Since a wire wheel throws debris and material off parts you work on, you should not use a grinder unless you have safety goggles on to protect your eyes. Since it is almost certain that tiny pieces of the wire wheel will break off and fly back at you, it is even better to protect your full face with a plastic shield. I have noticed that my white beard tends turns a little grayer when I use the wire wheel.
Some experts recommend no gloves to avoid getting them snagged in the wheel. Other say to wear leather gloves. I compromise by wearing tight-fitting mechanic's gloves with leather finger tips. If you've ever seen the grit around an area where a wire wheel is used a lot, you know that an apron is a good idea. In fact, if you do a lot of wire wheel work, a leather apron is best. Most of the debris will fly off the back of the wheel or towards the floor, but you will still catch some.
Before you start a bench grinder, make sure the nuts that hold the wheel on are tight. Check the electrical cord for breaks. Be certain the grinder is attached to a flat, solid surface as it may shake if it isn't. Check the tool rest to make sure the wheel isn't hitting it and adjust if necessary. If there is a glass safety guard, place it in an appropriate position. If the grinder has a tray to hold cooling water, make sure it is filled. Check that the electric cord is plugged in. Stand to the side of the grinder, turn the power on. Let the grinding wheel come up to speed before starting work.
Hold the part you're cleaning or polishing against the wire wheel. Make sure you have a firm grip on it. If you hold a piece too loosely, the wheel couldl snag it and pull it into the back shield and it may come flying out the other end – towards you — at high speed. In most cases, a snagged part will be thrown against the floor and though it won't hit you, the part can easily be lost or ruined. To avoid this type of problem, hold the part very firmly and let the wire wheel do the work. Pressing the part too hard against the brush will only burn or dull the metal anyway. If your grinder has a tray, dip the part in the water if it gets too hot to handle.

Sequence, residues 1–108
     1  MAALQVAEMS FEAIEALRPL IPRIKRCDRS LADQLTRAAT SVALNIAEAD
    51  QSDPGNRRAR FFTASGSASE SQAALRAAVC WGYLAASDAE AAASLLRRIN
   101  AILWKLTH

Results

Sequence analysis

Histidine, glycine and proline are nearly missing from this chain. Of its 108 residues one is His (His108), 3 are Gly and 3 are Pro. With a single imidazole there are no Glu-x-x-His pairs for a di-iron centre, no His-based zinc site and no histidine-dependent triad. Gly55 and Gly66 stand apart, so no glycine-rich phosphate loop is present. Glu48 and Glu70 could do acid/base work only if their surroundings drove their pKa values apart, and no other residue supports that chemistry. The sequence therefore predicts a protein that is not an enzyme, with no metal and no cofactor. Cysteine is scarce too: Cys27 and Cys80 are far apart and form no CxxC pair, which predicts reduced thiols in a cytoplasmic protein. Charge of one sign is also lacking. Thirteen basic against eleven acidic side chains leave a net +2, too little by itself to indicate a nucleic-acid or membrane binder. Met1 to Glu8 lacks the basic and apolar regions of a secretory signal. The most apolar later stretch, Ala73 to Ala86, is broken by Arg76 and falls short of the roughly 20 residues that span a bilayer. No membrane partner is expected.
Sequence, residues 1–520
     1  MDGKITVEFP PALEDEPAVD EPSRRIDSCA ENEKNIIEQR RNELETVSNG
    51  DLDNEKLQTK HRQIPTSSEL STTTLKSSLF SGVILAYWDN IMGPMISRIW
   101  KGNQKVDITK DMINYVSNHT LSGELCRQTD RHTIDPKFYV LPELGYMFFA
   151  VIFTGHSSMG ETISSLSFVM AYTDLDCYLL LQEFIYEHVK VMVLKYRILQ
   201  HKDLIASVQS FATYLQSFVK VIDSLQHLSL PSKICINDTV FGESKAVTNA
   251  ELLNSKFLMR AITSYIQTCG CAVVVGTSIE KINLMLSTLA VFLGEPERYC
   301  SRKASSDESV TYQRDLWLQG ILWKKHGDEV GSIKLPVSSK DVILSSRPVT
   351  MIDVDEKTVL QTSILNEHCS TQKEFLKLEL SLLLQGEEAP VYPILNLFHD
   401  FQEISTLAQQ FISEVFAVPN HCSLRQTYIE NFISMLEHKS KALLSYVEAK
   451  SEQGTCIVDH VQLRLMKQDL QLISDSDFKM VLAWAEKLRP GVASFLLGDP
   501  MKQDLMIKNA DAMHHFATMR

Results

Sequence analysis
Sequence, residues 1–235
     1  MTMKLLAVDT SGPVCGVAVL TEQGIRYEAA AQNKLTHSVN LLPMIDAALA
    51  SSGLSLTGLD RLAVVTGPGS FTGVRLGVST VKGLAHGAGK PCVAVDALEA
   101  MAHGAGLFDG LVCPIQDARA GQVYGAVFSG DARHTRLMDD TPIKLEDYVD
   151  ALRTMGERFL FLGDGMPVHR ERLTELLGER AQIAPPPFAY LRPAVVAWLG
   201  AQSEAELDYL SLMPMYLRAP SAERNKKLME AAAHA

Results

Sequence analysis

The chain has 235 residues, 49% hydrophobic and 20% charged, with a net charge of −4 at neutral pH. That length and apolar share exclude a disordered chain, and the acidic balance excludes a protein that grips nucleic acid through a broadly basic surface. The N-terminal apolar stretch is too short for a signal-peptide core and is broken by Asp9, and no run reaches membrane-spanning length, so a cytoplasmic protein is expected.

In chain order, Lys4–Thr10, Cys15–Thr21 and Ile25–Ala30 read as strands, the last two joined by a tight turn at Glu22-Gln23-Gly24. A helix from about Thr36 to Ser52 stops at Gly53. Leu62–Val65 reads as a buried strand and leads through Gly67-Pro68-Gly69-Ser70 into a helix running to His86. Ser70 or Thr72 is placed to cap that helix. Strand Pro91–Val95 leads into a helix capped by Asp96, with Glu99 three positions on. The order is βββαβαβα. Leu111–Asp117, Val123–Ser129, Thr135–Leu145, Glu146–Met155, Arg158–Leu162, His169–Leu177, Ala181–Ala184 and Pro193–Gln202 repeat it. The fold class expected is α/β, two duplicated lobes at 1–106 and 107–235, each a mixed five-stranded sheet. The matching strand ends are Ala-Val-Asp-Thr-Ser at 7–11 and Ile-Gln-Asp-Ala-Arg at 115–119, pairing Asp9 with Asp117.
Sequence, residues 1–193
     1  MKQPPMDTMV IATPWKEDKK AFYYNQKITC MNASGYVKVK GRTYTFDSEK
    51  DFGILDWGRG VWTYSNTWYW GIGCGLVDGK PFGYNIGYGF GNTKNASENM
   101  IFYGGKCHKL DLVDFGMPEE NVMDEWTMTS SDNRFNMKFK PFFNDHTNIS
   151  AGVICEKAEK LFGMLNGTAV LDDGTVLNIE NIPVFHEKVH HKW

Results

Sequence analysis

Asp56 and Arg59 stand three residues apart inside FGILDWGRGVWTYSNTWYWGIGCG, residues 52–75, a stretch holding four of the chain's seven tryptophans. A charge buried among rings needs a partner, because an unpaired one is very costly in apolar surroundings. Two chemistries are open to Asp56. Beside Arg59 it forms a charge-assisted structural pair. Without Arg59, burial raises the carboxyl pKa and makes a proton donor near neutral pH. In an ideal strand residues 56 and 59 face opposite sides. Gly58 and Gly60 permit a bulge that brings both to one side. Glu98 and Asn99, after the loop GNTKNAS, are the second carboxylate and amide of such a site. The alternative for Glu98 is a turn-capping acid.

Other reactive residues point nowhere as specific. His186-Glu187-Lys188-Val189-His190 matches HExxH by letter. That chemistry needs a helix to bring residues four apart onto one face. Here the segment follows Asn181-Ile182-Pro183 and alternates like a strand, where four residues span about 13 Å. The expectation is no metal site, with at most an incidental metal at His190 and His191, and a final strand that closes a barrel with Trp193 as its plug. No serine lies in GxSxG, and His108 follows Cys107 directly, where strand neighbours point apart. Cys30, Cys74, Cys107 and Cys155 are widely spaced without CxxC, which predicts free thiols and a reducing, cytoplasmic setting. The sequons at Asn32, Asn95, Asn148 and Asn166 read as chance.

Expert buffers work parts on the lower quarter of the front of the wheel, and this seems best for wire brushing, too. However, remember to hold the part firmly so it doesn't get snagged and pulled into the back guard. One technique we discovered for great polishing is to media blast some parts first, then polish them with a fine wire wheel. This gave an amazing finish on one aluminum carburetor, but it may not work on all metals, so try a similar test piece first.
After you have finished your wire wheel work, remove the part from contact with the wheel, then shut the power off and let the wheel come to a stop by itself. Use a shop vac or whisk broom to clean up the grinder and work area.
MG TD brake fittings prior to wire brushing on a bench grinder. These parts could be replaced with catalog parts for $372 plus shipping. The wire wheel clean up took a half hour or $20 labor at our shop rate and free for the D-I-Y.
The same parts after wire brushing. We saved the brass banjo fittings that cost $151 for the pair and the $20 steel wheel cylinder adaptor. The mild steel brake pipe with two fittings is pitted and will need to be replaced for about $18.
Eastwood sells this full face shield that is perfect for wire wheel work. It cost a bunch less than what a doctor will charge to extract tiny slivers of steel wire from your eyeball (after which you may still have a lot of trouble seeing).
Even the filthy brake return springs cleaned up perfectly. At $16 each plus shipping for four new ones, this clean up saved us about $67. With all we saved on this job we could buy ourselves the Cadillac of grinders and have change.
End plate held on back shield with tiny screws comes off to allow brush replacement. Brush turns downward. If brush snags a small part it will shoot it around inside shield and direct it towards floor or foot, so wear steel-toed boots.
After cleaning metal parts by wire brushing, they will rust quickly if not oiled, painted or sent out for anodizing. We often spray bomb such parts with clear lacquer. Don't use too much on a fastener and respray later after assembly.